Thursday, December 3, 2009


Words are wonderful things. They are not actually concrete things, they are symbols. They are expressions of thoughts and emotions. You can never know the depths of another’s thoughts without words.

Words are powerful. They encourage and destroy; they can mobilize an army or calm a riot. In 1095, the First Crusade was launched by Pope Urban II’s rousing sermon condemning Moslem control of Jerusalem. The world was set on a course of global war when Adolf Hitler became Reich’s Chancellor of Germany in 1933 and moved a nation with his rhetoric.

Words sometimes become toys or tools in our hands. By the art of “spinning” words, we can make something horribly ugly sound desirable. Who would not prefer to “go home to be with the Lord” over being “dead?” And while any sane person opposes abortion, who would disagree with the “right to choose?”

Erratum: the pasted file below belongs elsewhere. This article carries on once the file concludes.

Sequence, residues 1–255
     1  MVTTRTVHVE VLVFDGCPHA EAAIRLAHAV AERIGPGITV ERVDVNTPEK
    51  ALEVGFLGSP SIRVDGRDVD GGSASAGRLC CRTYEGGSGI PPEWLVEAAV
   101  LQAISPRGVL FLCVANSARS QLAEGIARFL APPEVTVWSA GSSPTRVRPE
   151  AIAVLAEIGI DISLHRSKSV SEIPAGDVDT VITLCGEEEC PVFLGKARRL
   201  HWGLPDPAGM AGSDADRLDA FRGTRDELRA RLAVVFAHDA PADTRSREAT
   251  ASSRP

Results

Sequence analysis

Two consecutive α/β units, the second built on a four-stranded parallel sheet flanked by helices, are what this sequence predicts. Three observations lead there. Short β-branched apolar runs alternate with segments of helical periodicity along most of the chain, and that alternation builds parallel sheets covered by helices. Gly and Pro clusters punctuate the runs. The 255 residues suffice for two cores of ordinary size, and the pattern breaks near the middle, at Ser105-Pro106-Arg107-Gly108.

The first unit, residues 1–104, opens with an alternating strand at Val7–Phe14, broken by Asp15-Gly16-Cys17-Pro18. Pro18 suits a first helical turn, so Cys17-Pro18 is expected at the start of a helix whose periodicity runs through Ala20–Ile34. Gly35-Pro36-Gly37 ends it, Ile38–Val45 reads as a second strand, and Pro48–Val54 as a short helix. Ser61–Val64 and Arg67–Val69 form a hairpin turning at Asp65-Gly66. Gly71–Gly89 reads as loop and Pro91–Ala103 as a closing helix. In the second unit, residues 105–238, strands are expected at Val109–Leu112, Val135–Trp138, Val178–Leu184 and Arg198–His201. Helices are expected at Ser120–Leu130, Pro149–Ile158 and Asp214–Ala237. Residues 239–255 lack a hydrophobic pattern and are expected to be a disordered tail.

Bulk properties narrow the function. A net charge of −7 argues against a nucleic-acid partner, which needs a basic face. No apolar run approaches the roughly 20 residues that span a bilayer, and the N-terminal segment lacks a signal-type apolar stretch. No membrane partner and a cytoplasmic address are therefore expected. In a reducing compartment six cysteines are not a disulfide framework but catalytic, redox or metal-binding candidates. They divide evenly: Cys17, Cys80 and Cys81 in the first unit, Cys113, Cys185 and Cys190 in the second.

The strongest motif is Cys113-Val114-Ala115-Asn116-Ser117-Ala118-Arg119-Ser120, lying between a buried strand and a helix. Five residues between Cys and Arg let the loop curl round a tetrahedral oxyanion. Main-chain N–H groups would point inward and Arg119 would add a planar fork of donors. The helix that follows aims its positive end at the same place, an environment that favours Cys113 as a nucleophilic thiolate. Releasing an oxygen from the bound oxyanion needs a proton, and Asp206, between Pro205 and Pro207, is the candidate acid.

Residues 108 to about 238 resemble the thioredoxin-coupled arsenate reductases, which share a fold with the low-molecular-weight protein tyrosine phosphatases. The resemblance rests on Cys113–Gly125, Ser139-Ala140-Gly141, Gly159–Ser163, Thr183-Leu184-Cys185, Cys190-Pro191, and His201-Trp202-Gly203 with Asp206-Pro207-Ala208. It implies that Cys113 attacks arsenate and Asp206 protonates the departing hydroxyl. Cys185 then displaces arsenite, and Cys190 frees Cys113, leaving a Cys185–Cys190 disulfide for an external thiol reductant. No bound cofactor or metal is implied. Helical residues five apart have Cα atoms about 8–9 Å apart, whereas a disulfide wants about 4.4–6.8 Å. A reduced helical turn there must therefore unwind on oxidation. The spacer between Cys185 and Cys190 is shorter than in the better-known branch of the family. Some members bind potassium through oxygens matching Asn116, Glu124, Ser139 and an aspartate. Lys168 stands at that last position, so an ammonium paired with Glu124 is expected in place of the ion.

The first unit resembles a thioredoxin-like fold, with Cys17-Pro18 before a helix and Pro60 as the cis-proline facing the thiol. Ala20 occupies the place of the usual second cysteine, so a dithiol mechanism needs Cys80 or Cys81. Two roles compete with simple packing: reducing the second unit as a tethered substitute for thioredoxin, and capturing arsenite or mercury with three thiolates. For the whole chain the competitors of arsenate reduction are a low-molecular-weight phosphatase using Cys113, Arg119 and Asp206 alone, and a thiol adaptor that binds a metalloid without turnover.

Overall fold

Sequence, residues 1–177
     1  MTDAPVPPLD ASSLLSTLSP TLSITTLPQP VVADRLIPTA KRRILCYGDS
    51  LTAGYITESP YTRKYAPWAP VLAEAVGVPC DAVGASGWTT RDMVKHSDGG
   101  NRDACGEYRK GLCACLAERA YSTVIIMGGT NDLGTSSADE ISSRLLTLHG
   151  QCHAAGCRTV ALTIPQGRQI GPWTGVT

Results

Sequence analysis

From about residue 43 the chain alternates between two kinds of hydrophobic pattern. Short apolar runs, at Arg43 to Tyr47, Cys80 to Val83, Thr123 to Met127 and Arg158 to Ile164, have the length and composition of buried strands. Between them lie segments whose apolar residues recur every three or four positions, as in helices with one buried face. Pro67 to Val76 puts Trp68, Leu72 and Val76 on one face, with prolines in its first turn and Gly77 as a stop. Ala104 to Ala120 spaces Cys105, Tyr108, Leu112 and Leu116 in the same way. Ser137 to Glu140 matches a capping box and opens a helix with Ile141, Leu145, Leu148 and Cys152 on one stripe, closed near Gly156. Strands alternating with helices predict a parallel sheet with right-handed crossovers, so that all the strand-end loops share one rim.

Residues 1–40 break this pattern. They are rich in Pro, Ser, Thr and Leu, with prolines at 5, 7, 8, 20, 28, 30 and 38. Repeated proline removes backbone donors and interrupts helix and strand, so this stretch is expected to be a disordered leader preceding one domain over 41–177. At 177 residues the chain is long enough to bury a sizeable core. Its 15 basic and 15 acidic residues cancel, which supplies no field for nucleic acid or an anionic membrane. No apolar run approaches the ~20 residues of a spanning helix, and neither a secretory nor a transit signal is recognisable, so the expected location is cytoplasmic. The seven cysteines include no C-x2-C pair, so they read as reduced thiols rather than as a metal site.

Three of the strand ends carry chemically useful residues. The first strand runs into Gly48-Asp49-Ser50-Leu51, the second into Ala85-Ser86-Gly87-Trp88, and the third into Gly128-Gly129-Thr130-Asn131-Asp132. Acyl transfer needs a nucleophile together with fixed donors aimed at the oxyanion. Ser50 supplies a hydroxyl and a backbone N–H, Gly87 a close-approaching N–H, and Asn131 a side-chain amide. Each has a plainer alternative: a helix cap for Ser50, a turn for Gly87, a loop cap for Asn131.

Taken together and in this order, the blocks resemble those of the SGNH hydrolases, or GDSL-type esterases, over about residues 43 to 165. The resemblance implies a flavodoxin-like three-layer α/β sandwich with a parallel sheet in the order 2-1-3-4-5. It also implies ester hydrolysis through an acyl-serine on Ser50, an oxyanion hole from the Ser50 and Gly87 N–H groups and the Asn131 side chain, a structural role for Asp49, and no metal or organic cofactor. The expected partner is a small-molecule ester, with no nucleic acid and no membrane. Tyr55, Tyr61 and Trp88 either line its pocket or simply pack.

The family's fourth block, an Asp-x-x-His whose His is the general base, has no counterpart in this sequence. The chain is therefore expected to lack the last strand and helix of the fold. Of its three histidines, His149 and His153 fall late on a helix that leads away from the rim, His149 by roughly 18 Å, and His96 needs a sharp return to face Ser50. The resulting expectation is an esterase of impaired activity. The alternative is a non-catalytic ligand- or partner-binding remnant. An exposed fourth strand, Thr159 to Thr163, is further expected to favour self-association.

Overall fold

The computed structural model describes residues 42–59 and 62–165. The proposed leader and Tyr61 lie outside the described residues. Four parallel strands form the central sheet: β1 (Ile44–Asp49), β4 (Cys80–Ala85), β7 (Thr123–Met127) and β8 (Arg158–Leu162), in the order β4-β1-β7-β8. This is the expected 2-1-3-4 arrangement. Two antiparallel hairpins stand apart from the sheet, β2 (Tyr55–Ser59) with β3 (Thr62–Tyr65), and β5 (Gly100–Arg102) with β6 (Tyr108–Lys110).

Christianity is inexorably bound up in words. Words are our tools of trade in that:

  • They are the “stuff” of revelation. God has disclosed His power and Godhead in creation, but He has definitively spoken to us in His Word, the Bible. Without the inspired words of Scripture, we would have no knowledge of the saving goodness of God.
  • They are the means of gospel communication. It has been said that of all the world’s religions, Christianity is unique in that it has been spread through preaching, through the use of words. God has chosen to speak at in different times and in various ways through human instrumentality.

Of course, the ultimate expression of God the Father is Jesus Christ. Heb. 1: 1-2 says that in these last days, God has spoken to us in His Son (or, literally “in a Son-kind-of way”). John calls Jesus “the Word” in the 1st chapter of his gospel. As the Word, He is the concrete expression of the Father. John says that the Son “declares” (or “exegetes”) the Father.

In this season, we remember the Word who was made flesh and dwelt among us. The eternal Logos or Word dropped into human history through the virgin’s womb to dwell among us, not apart from us, not above us. This He did to show us God’s glory; a glory filled with grace and truth.

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